Orphaned Land - The Never Ending Way Of ORwarriOR
Century Media
Progressive Middle-Eastern Folk Metal
15 songs (1:18:18)
Release year: 2010
Orphaned Land, Century Media
Reviewed by Goat
Album of the month

Israel's finest export have a new album out, and it's fitting that the theme chosen is that of a fight to spread light ('or' meaning 'light', for those confused by the title). Orphaned Land themselves are warriors of light in the spreading of their message of harmony between races, and their gigs are known to bring together Jew and Muslim in united appreciation of the music, something that is rare in that all-too orphaned land. My colleague Alex has praised the band elsewhere for this, and highlighted it as one of the ways Metal can bring people together rather than push them apart - a feature of our great genre that we're collectively, reader and writer, guilty of paying less attention to than, say, the racist whining of the NSBM scene.

Listening to The Never Ending Way Of ORwarriOR, it's hard to imagine why anyone would choose the hateful over the loving, the ugly over the beautiful. Catchy opener Sapari is a great example, a deceptively straightforward duet between Kobi Farhi and female vocalist par excellence Shlomit Levi that positively writhes with joyous life as it mixes modern metal and traditional folk, technical drumming with that added Eastern percussive feel. The differences between this and Mabool are immediately obvious - fewer growls, more female vocals, and a slightly more traditional Prog Metal feel as opposed to Mabool's near-symphonic folk complexity. Of course, this is still very folky and complex music - the choice of Porcupine Tree's Steven Wilson as producer (and keyboardist) was an inspired one, and you can hear his influence in the likes of From Broken Vessels, a seven-minute twisted and original Prog Metal track which takes several diverse routes, building exploratory constructions and letting them fall as familiar melodies return in wonderfully subtle ways. It's impressive stuff even if you're not aware of it, and makes for an engaging album even with its seventy minutes-plus running time.

Despite that scary-looking length, I can't see anyone growing bored with this album quickly, if ever. In any other band's hands, the likes of acoustic interlude Bereft In The Abyss would be dull and soon marked for the skip button, but for Orphaned Land they are part and parcel of the whole experience, and fit in wonderfully with the more metal songs. Tracks like The Path parts 1 and 2 are as much made up of traditional instruments as they are the rock standards, and the melodic lead guitars work with the folky elements perfectly. The more extreme Doom and Death elements may have gone with time (in case you weren't aware, the band have been around for nearly twenty years) but growls do remain here and there, although they're sparingly used and could easily have been dropped altogether without any loss to the music, in my view. Kobi's clean vocals are beautiful, a kind of Israeli Mikael Ã…kerfeldt in some ways, and he more than carries the music - music that is excellently played, of course, guests aside from Levi and Wilson including Nizar Radwan on violin and Yonatan Danino on shofar, a Jewish wind instrument made from a ram's horn.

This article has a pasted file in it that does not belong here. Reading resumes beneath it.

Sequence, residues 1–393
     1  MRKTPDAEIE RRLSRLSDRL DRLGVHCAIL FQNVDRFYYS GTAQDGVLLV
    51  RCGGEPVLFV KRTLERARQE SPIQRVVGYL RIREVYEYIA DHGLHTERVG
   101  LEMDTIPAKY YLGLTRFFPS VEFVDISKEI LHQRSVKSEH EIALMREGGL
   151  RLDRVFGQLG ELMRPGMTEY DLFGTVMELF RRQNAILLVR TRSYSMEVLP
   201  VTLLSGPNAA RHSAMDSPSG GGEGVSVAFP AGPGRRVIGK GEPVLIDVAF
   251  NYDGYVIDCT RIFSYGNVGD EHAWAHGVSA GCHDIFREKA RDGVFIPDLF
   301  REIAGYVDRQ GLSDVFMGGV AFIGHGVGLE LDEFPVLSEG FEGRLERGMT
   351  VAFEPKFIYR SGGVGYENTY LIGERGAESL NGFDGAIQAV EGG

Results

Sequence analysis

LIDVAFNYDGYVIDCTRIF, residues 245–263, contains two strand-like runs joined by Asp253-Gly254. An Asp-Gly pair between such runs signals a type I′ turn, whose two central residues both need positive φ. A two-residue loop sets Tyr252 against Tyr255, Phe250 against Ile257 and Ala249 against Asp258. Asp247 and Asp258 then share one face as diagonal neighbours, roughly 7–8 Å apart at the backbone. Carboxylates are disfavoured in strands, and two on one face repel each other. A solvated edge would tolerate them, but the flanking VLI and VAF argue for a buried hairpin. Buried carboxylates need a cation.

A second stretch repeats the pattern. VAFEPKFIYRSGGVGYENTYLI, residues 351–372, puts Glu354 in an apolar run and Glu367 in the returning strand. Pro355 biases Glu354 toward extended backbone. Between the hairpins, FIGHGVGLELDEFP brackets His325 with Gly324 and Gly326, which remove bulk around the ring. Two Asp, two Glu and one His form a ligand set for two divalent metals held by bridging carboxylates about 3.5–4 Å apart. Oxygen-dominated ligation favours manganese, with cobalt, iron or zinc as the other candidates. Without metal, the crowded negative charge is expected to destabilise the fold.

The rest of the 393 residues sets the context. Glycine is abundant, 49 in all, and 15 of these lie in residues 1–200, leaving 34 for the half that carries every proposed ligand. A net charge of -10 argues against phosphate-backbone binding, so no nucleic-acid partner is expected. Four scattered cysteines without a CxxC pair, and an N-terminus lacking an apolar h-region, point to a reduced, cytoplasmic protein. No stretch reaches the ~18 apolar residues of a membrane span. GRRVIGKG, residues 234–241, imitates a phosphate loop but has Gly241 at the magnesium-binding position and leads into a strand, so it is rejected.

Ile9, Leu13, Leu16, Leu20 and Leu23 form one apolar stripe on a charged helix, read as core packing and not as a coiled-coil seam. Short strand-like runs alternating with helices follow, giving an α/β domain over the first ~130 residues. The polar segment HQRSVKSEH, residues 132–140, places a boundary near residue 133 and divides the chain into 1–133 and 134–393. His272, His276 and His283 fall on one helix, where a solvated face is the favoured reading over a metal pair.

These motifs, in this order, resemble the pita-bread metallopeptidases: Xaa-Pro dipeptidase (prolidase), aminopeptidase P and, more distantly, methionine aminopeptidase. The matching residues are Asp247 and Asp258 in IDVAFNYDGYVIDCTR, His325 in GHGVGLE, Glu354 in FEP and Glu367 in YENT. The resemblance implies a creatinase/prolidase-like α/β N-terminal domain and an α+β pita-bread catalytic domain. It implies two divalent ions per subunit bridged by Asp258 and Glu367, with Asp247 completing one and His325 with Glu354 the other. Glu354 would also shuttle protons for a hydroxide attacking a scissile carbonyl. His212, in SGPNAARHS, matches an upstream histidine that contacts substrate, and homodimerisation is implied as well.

Songwriting is even better than before - where Mabool took time to seize you, ORwarriOR grips instantly. Although it's mostly midpaced, the bursts of speed on the likes of The Path Part 2 - The Pilgrimage to Or Shalem are brilliant, the Heavy Metal gallop of Olat Ha'tamid ('eternal offerings', roughly) another example. No Prog Metal fan will fail to love the orchestral-backed The Warrior, which easily beats everything from Nightwish's last album in terms of restrained grandeur, and even though Disciples Of The Sacred Oath pt 2 is the longest track present at just over eight minutes long, it's still a hell of a ride, some of the best usage of flute this side of Jethro Tull and nice crunchy Metal coming together in one kickass track. The Gothic tinges of Vayehi Or are like Paradise Lost if they came from the Middle East, and Barakah brings the ethnic elements to the front and allows them full reign before the headbanging guitars return. To be honest, it'll take a few listens for Mabool fans not to feel a little disappointed, as ORwarriOR isn't quite a continuation of that album, but this is in every respect brilliant, ending pieces like Codeword: Uprising and In Thy Never Ending Way as good as the initial tracks. Give it time, and this reveals itself to be the highly praised Mabool's equal, if not better - Orphaned Land deserve every bit of hype.

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Killing Songs :
Sapari, From Broken Vessels, The Path pts 1 and 2, The Warrior, Disciples Of The Sacred Oath pt 2, New Jerusalem, Vayehi Or, Barakah
Goat quoted 91 / 100
Other albums by Orphaned Land that we have reviewed:
Orphaned Land - All Is One reviewed by Andy and quoted 85 / 100
Orphaned Land - Mabool : The Story Of The Three Sons Of Seven reviewed by Jack and quoted 95 / 100
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